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Mercury (Hg)

Photo: The element Mercury in the table of elements
Environment, Great Lakes, and Energy

Mercury (Hg)


Joy Taylor Morgan, Air Quality Division

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Michigan Dept. of Health and Human Services

Mercury is a naturally occurring element that can be toxic to people and wildlife. Mercury has also been added to numerous products historically. Human activities including improperly disposing of mercury-containing products or burning fossil fuels which contain trace amounts of mercury have increased the amount of mercury deposited in the environment. When mercury enters aquatic ecosystems, primarily through atmospheric deposition, mercury is often converted to methylmercury (an organic form) which is bioaccumulated and magnified up the aquatic food chain. This can pose a risk to humans, primarily the unborn child and young children, as well as wildlife that consume fish with elevated levels of methylmercury. Michigan provides guidelines for eating safe fish that have lower levels of methylmercury. Elemental mercury Hg(0) is a heavy, silvery-white metal which is liquid at ordinary room temperature and has been used in many man-made products (thermometers, fluorescent light bulbs, etc.). At room temperature, Hg(0) evaporates to become an invisible, odorless, and toxic vapor. The hazardous route of exposure is inhalation of mercury vapor which is often associated with the inadequate cleanup of broken mercury-containing products. The most powerful and simple action that you can do to prevent this is by purchasing of mercury-free alternative, such as a programmable mercury-free thermostats.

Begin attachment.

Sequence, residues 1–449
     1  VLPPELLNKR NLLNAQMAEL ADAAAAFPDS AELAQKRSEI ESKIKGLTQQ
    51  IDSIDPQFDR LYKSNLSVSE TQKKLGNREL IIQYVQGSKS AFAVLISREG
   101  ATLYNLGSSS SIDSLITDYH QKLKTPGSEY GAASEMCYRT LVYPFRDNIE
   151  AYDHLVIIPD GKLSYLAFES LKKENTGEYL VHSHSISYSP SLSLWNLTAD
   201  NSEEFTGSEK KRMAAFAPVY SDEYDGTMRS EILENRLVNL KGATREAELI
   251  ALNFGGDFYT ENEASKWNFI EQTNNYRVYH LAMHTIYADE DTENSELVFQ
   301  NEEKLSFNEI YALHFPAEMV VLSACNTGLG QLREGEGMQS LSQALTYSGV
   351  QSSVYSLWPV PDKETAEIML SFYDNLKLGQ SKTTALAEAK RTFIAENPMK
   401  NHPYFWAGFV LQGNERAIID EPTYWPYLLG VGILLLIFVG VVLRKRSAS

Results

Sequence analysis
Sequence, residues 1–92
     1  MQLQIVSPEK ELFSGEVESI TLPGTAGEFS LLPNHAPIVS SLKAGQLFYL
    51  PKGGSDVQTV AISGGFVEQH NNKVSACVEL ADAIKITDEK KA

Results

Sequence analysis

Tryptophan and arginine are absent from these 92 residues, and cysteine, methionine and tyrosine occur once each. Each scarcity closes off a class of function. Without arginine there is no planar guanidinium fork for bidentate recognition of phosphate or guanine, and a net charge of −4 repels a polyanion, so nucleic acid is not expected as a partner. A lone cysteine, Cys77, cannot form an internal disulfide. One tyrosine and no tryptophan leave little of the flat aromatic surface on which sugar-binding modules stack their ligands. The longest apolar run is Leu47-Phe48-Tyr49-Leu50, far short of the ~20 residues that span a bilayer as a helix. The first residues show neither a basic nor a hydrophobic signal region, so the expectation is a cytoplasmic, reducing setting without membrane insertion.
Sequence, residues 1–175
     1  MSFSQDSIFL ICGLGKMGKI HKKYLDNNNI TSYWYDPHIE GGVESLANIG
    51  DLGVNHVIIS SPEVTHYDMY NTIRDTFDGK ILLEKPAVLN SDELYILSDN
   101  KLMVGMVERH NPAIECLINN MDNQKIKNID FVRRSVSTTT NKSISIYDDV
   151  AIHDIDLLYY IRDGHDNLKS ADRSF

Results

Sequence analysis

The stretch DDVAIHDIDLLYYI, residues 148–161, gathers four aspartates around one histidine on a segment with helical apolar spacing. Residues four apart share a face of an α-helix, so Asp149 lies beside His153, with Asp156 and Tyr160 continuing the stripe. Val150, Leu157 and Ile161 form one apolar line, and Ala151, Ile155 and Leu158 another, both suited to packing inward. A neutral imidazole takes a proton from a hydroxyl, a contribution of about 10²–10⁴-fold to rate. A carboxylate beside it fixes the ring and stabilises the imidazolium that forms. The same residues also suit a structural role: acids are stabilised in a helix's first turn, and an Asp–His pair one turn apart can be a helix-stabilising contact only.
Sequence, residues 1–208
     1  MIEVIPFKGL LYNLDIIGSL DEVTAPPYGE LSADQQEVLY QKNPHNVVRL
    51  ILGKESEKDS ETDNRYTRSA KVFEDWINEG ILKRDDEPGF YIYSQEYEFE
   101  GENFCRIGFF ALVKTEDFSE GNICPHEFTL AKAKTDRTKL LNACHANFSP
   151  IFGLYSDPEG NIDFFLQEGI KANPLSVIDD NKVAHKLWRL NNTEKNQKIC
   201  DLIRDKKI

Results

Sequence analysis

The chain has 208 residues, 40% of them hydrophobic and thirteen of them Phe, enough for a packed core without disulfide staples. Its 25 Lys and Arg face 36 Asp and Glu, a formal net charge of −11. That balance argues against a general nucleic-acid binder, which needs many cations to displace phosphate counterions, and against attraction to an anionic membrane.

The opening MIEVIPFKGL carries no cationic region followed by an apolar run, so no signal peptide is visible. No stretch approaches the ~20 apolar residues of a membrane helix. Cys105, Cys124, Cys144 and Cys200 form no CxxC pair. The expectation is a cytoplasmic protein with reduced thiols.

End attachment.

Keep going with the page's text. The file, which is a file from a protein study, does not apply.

EGLE has outlined many more activities to reduce the use and release of mercury in the environment and can be found in the EGLE Mercury Strategy. EGLE also developed a plan called a Total Maximum Daily Load for how much atmospheric deposition of mercury should be reduced in order for the fish in the state to be safe to eat.

Mercury Information

A splash of clean blue water against a white background
a small plastic tub filled with cleaning products, sponges, and rubber gloves

Clean-Up Equipment Suppliers

DISCLAIMER: The following list of mercury equipment suppliers was compiled by EGLE's Environmental Support Division (ESD) to provide information about potential sources of mercury remediation equipment. The quality of service provided by each company is not known or implied by this listing. ESD does not recommend or endorse the products of any particular company listed herein, does not inspect these facilities, and does not represent that the companies are, or are not, in compliance with applicable federal and state environmental laws.